Beck has not gone wrong by arguing that Native American origins are debatable. There is much modern scientific controversy about how long ago Native Americans arrived in the Americas and whether or not others from the Old World continued to sojourn in the Americas. A skeleton has been found in the Pacific Northwest, for example, that has surprisingly European features and yet is older than the known arrival of Europeans in the Americas.

Beck also used the same episode of his show to present another inchoate theory of his that I find intriguing if underdeveloped. He posits a distinction between Divine Providence and Manifest Destiny. The former is characterized by humility (Not my will but Thy will, oh Lord) whereas as Manifest Destiny is characterized by the sin of pride (I’m on a mission from God; so get the hell out of my way, I’m coming through). Divine Providence was often invoked by the Founders of the United States, many of whom believed that God showed his blessing on their revolutionary enterprise by granting the success that, by the odds, should have eluded the colonies in their fight against Great Britain, the most powerful country in the world in the late eighteenth century. As Beck describes it, they did what they believed to be right, notably without having might on their side, and afterward felt that their success proved that they had been guided by God all along.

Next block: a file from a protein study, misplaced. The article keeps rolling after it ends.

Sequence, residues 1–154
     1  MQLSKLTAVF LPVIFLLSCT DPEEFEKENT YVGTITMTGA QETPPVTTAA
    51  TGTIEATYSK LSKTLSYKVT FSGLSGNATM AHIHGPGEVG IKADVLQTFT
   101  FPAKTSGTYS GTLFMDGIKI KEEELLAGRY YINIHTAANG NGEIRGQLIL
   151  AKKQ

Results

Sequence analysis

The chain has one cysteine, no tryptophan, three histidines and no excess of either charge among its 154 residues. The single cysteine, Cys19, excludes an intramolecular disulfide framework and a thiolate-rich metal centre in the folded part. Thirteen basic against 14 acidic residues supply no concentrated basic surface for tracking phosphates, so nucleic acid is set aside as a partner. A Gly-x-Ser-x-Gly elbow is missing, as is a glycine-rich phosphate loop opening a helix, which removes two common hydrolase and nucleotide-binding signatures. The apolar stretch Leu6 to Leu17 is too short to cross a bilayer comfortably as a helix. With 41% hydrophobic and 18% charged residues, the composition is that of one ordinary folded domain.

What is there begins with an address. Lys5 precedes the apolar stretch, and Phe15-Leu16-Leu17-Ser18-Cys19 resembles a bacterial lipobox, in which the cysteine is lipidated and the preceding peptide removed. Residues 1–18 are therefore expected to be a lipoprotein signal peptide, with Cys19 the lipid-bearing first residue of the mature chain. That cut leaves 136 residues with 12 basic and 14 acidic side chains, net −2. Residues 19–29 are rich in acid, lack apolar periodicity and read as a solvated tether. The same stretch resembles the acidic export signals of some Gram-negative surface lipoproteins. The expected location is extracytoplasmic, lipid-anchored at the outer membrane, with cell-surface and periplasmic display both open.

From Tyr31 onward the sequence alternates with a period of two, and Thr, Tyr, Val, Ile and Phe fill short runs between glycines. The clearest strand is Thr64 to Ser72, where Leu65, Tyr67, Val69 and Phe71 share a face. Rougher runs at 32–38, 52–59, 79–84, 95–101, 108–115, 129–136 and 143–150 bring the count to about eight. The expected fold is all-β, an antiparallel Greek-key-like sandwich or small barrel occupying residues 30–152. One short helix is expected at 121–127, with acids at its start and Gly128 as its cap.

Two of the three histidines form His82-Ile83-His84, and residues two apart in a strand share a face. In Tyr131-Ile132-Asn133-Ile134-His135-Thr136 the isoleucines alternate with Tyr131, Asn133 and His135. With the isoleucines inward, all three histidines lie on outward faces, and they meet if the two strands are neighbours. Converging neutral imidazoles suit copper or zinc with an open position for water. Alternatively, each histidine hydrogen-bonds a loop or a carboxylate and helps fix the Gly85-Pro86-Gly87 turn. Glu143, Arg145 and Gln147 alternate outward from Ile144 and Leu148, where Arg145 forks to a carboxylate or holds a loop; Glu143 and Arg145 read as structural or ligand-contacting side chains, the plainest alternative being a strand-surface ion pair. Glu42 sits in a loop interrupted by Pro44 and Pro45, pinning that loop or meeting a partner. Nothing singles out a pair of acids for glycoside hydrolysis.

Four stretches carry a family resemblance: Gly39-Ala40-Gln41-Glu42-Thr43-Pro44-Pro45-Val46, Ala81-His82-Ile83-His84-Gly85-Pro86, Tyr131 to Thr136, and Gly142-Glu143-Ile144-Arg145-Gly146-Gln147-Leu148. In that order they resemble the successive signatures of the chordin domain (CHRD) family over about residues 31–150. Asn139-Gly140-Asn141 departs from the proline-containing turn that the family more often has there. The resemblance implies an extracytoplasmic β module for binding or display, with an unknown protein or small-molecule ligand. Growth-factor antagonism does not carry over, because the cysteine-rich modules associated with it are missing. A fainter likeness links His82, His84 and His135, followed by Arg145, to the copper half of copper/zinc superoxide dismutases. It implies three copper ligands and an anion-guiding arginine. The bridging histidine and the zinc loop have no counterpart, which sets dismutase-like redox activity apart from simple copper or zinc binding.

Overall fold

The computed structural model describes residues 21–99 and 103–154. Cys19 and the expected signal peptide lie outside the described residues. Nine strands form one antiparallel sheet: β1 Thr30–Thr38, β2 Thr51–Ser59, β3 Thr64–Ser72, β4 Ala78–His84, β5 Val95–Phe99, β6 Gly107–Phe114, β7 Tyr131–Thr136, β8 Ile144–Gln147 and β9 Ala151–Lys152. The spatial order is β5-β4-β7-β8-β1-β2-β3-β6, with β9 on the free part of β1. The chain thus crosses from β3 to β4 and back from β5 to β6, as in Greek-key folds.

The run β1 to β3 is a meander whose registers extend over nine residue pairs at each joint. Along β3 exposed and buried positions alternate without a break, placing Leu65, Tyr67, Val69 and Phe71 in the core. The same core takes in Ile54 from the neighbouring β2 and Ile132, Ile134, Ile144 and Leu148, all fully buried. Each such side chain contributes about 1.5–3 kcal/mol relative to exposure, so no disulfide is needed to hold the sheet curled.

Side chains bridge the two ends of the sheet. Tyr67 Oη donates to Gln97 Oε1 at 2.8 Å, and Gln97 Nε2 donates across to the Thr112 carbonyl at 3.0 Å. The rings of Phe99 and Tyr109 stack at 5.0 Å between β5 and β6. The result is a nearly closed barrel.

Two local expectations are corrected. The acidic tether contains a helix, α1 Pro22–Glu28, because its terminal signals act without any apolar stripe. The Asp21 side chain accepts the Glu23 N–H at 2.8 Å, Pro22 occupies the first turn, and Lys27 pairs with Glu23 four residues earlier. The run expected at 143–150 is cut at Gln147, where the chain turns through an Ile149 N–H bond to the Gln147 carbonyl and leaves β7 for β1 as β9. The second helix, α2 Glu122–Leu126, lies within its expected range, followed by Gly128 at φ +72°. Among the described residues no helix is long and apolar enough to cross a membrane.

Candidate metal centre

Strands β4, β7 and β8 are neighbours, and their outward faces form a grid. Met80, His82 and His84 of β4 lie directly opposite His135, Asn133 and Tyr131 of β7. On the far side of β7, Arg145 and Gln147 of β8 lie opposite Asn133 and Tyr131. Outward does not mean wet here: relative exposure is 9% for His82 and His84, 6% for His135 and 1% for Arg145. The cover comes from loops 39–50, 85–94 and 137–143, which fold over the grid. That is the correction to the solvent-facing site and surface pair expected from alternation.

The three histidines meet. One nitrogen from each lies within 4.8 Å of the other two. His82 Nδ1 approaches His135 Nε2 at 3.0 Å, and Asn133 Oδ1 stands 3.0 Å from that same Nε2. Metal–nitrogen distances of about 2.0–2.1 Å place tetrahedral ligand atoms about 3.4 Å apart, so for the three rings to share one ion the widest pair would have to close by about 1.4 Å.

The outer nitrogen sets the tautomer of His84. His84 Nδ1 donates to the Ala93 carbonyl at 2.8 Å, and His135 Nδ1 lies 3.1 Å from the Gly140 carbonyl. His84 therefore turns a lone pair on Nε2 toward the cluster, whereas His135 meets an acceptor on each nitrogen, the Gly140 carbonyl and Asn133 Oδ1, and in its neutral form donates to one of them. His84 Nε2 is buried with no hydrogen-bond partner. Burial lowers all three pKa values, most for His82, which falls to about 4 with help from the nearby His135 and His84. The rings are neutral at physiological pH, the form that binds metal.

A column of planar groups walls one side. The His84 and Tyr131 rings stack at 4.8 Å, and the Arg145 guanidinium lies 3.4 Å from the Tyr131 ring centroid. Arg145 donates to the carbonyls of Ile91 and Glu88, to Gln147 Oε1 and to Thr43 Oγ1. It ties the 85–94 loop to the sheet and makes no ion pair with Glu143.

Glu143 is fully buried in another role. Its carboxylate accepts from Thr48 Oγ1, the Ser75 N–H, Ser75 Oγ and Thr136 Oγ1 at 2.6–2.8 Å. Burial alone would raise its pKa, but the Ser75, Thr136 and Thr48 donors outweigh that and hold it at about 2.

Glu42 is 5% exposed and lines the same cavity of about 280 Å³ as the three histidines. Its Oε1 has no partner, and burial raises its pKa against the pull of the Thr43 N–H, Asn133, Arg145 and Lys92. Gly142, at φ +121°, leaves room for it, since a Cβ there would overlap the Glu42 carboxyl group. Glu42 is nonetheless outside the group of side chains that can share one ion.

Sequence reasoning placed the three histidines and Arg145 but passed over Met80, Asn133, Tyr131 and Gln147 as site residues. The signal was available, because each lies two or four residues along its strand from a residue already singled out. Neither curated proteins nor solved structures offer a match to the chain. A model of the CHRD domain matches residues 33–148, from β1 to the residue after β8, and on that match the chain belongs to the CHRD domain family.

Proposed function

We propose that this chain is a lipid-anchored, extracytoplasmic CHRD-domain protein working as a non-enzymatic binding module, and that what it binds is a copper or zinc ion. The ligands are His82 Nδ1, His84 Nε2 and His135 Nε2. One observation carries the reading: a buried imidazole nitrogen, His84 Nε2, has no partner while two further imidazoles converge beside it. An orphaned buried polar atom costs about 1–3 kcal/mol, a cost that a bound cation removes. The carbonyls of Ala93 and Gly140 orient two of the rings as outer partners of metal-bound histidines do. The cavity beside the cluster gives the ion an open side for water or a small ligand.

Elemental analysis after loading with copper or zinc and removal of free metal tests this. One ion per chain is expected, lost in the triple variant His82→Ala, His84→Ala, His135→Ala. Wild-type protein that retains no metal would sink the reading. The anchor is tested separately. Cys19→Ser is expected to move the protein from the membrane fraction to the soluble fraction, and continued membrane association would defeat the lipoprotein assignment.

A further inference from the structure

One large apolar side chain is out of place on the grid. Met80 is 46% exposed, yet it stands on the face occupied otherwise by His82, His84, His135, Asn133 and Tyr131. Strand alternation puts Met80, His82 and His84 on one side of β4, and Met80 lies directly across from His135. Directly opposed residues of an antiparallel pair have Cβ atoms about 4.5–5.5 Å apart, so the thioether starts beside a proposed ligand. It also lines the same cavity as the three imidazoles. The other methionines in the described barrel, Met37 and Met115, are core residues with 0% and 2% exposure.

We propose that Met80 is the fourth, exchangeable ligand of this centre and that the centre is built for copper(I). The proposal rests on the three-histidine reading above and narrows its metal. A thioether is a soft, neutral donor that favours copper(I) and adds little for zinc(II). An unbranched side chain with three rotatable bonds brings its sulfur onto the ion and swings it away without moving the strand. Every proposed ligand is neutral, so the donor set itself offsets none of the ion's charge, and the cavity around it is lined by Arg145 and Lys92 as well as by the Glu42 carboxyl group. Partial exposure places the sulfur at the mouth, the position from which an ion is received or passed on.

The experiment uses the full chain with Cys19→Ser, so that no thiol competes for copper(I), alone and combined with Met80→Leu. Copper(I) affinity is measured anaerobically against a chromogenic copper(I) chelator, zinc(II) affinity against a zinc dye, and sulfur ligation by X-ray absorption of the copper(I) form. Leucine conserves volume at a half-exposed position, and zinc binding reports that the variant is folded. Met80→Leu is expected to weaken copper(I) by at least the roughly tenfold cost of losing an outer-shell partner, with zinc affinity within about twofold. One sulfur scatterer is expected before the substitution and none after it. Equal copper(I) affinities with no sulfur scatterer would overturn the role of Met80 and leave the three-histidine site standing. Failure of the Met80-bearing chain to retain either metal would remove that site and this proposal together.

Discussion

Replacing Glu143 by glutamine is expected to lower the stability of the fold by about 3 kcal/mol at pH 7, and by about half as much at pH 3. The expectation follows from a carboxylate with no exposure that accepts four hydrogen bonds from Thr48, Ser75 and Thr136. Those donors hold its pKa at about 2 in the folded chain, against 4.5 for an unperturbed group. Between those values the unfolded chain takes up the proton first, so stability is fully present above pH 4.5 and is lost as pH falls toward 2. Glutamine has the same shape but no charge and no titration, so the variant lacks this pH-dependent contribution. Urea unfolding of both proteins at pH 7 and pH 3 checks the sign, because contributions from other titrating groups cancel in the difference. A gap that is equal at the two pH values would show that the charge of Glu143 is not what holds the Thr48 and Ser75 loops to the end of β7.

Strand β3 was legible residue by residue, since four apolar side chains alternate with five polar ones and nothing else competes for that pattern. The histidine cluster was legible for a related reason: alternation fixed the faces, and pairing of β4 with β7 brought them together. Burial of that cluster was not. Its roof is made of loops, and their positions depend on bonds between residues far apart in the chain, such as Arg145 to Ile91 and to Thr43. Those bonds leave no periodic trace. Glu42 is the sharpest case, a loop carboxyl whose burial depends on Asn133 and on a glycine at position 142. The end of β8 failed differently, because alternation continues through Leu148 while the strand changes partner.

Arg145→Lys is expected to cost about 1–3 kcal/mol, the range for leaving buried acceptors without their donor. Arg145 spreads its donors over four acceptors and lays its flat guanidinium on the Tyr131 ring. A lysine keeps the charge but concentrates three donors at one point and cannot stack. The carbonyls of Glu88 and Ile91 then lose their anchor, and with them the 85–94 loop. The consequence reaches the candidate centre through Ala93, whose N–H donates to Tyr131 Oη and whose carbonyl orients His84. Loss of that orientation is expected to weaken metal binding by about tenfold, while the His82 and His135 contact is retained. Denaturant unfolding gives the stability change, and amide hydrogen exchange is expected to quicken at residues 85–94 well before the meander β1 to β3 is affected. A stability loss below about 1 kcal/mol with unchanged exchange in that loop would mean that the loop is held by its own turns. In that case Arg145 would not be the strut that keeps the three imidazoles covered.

In contrast, Manifest Destiny begins with having the power to do what one wants to do and justifying it by the arrogant claim to having been ordained by God to realize one’s ambitions. Again, if the distinction is not easy to grasp, remember that belief in Divine Providence tends to inspire humility while Manifest Destiny is rooted in hubris; belief in Divine Providence dictates doing what you believe is right even against the odds, while Manifest Destiny justifies the exercise of power to get what is usually, by no small coincidence, self-aggrandizing. Noting that the term Manifest Destiny did not arise until about 1845, Beck links the idea to the administration of President Andrew Jackson (in office 1829-1837). 1845 is an interesting year. It was the first year of the administration of James K. Polk, whose support of the annexation of Texas, by the way, won him the endorsement of former President Jackson. Polk fomented a war with Mexico, which the United States won, and saw the expansion of United States territory into the Southwest.